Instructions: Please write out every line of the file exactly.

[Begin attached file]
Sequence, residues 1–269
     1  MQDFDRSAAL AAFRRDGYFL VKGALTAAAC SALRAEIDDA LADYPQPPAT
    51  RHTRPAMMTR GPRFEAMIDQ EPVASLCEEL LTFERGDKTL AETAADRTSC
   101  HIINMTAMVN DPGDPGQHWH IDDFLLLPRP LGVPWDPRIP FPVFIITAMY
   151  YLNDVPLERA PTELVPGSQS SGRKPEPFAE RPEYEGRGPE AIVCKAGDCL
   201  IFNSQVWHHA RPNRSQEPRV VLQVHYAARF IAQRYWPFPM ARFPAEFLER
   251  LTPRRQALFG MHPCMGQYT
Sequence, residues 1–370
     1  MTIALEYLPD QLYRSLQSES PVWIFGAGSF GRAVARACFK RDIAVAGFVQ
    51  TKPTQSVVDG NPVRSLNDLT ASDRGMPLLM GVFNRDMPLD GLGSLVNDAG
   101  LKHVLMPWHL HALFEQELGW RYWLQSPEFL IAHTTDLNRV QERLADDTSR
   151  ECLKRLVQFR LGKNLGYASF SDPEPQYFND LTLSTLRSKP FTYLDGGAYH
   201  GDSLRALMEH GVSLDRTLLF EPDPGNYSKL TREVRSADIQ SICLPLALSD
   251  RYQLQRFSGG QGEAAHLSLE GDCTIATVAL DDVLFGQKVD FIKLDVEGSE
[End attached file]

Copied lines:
Sequence, residues 1–269
     1  MQDFDRSAAL AAFRRDGYFL VKGALTAAAC SALRAEIDDA LADYPQPPAT
    51  RHTRPAMMTR GPRFEAMIDQ EPVASLCEEL LTFERGDKTL AETAADRTSC
   101  HIINMTAMVN DPGDPGQHWH IDDFLLLPRP LGVPWDPRIP FPVFIITAMY
   151  YLNDVPLERA PTELVPGSQS SGRKPEPFAE RPEYEGRGPE AIVCKAGDCL
   201  IFNSQVWHHA RPNRSQEPRV VLQVHYAARF IAQRYWPFPM ARFPAEFLER
   251  LTPRRQALFG MHPCMGQYT
Sequence, residues 1–370
     1  MTIALEYLPD QLYRSLQSES PVWIFGAGSF GRAVARACFK RDIAVAGFVQ
    51  TKPTQSVVDG NPVRSLNDLT ASDRGMPLLM GVFNRDMPLD GLGSLVNDAG
   101  LKHVLMPWHL HALFEQELGW RYWLQSPEFL IAHTTDLNRV QERLADDTSR
   151  ECLKRLVQFR LGKNLGYASF SDPEPQYFND LTLSTLRSKP FTYLDGGAYH
   201  GDSLRALMEH GVSLDRTLLF EPDPGNYSKL TREVRSADIQ SICLPLALSD
   251  RYQLQRFSGG QGEAAHLSLE GDCTIATVAL DDVLFGQKVD FIKLDVEGSE